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The Psychology Of Candidates For Financial Institutions

Somen Mondal

July 11, 2018

Many recruiters don’t consider the psychology of how to approach different industries and verticals, even though they’re recruiting human beings, so psychology is going to play a role somewhere.

candidates for financial institutions

Here are 5 steps to understanding the psychology of candidates for financial institutions.

Step 1: Make sure you’re undeniably professional

While financial services are now embracing digital and mobile and tech overall, it’s still a traditional industry in terms of processes and behaviours.

And because salaries for early-stage career hires are higher than in many other industries, there’s an expectation of professionalism throughout the process. This means making sure you’re on time to all meetings, presenting well physically for any in-person appointments, and having strong grammar in any email correspondence.

Step 2: Make sure you communicate consistently and effectively

With top talent for a financial services role, they probably have three or four companies offering them potential six-figure employment. You need to be on their radar and be communicating with them about your process if you have any chance to land them.

Where most hiring processes drop the ball is via communication, and that’s been proven on countless surveys. Communicate. Give them updates on where they stand. Explain what the package could look like. Tell them what factors you’re considering. Be respectful and transparent with candidates: the best ones have other notable offers, and might make a selection in part based on how the process unfolded.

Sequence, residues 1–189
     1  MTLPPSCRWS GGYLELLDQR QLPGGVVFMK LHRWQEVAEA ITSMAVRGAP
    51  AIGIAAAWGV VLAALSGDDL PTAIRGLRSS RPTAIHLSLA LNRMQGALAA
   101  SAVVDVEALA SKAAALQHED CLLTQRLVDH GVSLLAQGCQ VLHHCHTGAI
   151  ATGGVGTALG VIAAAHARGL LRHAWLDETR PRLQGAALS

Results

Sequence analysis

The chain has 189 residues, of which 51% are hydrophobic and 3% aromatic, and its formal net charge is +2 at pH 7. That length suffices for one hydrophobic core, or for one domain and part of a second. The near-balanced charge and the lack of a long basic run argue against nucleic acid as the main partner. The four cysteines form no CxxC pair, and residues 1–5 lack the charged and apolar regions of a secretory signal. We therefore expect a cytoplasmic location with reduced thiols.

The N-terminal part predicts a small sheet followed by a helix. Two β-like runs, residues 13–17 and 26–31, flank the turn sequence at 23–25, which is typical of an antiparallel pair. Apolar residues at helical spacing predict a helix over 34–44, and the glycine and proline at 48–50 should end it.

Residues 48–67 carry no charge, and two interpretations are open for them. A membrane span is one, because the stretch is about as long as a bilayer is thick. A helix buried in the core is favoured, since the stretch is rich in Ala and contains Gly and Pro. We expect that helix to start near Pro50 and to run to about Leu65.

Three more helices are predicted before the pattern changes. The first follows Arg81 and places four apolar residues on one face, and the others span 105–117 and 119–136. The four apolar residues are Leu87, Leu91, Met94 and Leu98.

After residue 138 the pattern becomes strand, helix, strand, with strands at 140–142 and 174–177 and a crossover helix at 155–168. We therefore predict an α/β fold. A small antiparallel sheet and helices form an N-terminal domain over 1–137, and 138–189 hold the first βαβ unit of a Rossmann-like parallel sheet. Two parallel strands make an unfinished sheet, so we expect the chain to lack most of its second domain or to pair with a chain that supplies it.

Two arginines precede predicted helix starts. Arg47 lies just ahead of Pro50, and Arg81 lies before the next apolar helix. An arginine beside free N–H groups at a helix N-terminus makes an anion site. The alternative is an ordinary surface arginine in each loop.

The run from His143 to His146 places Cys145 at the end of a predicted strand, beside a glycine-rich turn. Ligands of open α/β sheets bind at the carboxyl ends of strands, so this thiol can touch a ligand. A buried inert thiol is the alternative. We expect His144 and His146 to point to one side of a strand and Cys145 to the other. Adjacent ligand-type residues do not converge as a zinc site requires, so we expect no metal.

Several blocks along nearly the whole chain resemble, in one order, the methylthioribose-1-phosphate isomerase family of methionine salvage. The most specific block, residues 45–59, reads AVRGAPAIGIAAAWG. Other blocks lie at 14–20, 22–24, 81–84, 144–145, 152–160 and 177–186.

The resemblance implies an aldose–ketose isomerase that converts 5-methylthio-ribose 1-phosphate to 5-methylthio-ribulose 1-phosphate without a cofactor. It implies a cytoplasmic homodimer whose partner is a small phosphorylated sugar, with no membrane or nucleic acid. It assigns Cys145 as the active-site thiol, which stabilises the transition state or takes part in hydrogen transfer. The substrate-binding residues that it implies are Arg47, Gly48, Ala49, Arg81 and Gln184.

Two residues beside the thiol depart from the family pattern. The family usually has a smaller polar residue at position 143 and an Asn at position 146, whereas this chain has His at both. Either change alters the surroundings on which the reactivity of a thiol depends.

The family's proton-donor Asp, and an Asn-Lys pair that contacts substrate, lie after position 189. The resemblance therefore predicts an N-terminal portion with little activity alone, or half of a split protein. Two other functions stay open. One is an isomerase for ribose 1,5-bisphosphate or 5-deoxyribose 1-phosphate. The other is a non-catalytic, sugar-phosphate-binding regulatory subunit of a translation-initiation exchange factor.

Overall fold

Step 3: Know the vocabulary

The vocabulary of financial services is very different than recruiting for other positions. These candidates are going to be more comfortable with acronyms (CAGR, EBITA, etc.) and likely view work through a prism of revenue-driven success.

While aspects like culture fit will be somewhat important, it’s going to be less important than filling a marketing manager position. So you want to make sure you understand the vocabulary they’re comfortable with – talk to hiring managers about terms and words and concepts to use and avoid – and you want to make sure that you frame up the dialogue around how the team is structured, how money is generated, work-life balance, and incentives and compensation. Those are going to be more important than for other roles.

Step 4: Leverage tech

Financial services is traditional industry in terms of process, but it’s been embracing tech for longer than most industries. They are more likely to be comfortable interacting with a chatbot, for example, or getting placed into a scheduling automation.

So lean on tech to save yourself time, and as long as you’re good on vocabulary and ideas and compensation, these candidates are not likely to pushback at tech.

Step 5: Evaluate the process

Once you convert a candidate into a new employee, ask them about the process:

  • What worked?
  • What didn’t?
  • Did it seem like the recruiter understood the position?
  • What was the reason you accepted?
  • How important was culture? Work-life balance?

Do this with each new hire. Then eliminate what isn’t working and tweak for each new role and candidate.